Sophie and the Rising Sun
“Sophie and the Rising Sun is a wonderfully intersectional film, featuring interracial love and friendships set to the backdrop of WWII and the languid air of the South.”
Title: Sophie and the Rising Sun (2016)
Director: Maggie Greenwald 👩🏼🇺🇸
Writers: Screenplay by Maggie Greenwald 👩🏼🇺🇸 and book by Augusta Trobaugh 👩🏼🇺🇸
Reviewed by Li 👩🏻🇺🇸
Watching this film feels like lying in the grass on a summer day—gentle and sweet, nothing too abrasive despite the dark subject matter of anti-Japanese sentiment and internment during WWII. At it’s heart, Sophie and the Rising Sun is a nostalgic romance set to the backdrop of war, made notable by its inclusion of interracial love and friendship. It doesn’t downplay the horrendousness of racism or small-town gossip, but something about the soft cinematography and languid air of the South softens the crimes committed against Grover Ohta (played by Takashi Yamaguchi) into something almost performative, rather than gut-wrenchingly real.
Regardless—or maybe because of its pleasantness—I enjoyed the movie from start to finish. Is it predictable? Yes. Is it a bit trite, stirring up familiar feelings of indignation at overt racism? Sure. But I found the chemistry between Sophie (played by Julianne Nicholson) and Grover convincing, so I let myself simmer in their story for a couple hours and the time flew by.
Does it pass the Bechdel Test? YES
This film confidently displays different types of female relationships—some negative, wherein you see spiteful gossipers and self-righteous neighbors hide behind religion as an excuse to go on power trips against other women, others positive. It’s those positive relationships that really shine in Sophie. My favorite moment of the entire film was shared between two friends while the quiet, supportive warmth between Sophie and Anne (played by the ultra-talented Margo Martindale) is palpable in every scene they share.
The selling point of Sophie is its groundbreaking coverage of an interracial relationship between a white Southerner, Sophie, and a Japanese-American from California, Grover.
The film deftly differentiates Japanese, Japanese-American, and Chinese experiences in the United States during WWII—distinctions that few other films set in this era bother to portray. When Grover’s caretaker, Anne, finds out he’s actually Japanese rather than Chinese, she frets over harboring an “evil Jap” in her home as Grover shouts defensively, “I am American!” The sheer desperation Yamaguchi infuses into the word “American,” which he repeats over and over again, is poignant on a personal level. As someone who recognizes a stranger’s expression as they look at you and mentally file you as “foreign,” this scene was especially heartbreaking for me. How many times have I said those same words myself, with the same undercurrent of defensiveness? “I’m American.”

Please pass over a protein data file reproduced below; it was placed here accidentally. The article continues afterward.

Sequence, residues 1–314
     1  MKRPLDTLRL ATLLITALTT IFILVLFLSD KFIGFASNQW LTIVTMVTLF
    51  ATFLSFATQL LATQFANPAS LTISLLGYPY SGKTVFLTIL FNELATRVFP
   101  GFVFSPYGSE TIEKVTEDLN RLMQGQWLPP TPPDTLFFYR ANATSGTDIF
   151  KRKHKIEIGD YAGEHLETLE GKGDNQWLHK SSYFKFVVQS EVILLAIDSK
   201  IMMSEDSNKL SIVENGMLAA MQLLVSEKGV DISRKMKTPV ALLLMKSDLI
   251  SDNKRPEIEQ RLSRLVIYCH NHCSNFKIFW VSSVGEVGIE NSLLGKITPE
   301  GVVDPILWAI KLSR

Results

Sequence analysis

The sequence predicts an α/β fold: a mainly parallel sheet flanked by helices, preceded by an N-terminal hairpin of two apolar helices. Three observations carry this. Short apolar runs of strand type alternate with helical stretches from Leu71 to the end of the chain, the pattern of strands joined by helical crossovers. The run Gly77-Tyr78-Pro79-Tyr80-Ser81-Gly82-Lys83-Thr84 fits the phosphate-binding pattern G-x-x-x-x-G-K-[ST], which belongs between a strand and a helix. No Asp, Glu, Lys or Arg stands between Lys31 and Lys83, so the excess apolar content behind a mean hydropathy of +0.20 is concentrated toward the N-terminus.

Anne’s reaction, too, is achingly realistic. She brushes him off because it doesn’t matter that he’s American. He was born to Japanese parents, and that’s enough reduce his safety and dignity as a human being into something irrelevant in a post-Pearl Harbor America.
The racial aspects of Sophie moved me, no question. The only reason I’m dinging it from a full score is that its representation is simplistic, asserting that overt racism is bad and we should feel bad for Grover for getting jumped by white men, simply because of his skin color. Sophie lacks the complexity of other media such as recent game-changers Get Out or Queen Sugar, which manage to talk frankly about race while always prioritizing character development over generic platitudes. As endearing as Grover is, and as much as I enjoyed the sweet romance between him and Sophie, he never manages to graduate out of being a one-dimensional “good guy.”
Same goes for the black representation in this film, delivered primarily by Lorraine Toussaint in the role of Salome, Anne’s housekeeper. She has a wonderful, strong role and is pivotal to the plot, but neither does she ever develop beyond being a “good guy” either.
I don’t want to downplay the rarity and importance of an Asian male playing a romantic lead. It’s important, and Sophie tells this story in an engaging, heartfelt way. That being said, the screenplay is just this side of too simplistic for me to score it with full accolades.
Mediaversity Grade: B+ 4.33/5
Sophie and the Rising Sun is a wonderfully intersectional film, which focuses on relationships both romantic and platonic, positive and damaging. It’s sweet and romantic and sad and bittersweet, and I was engaged for every minute of it.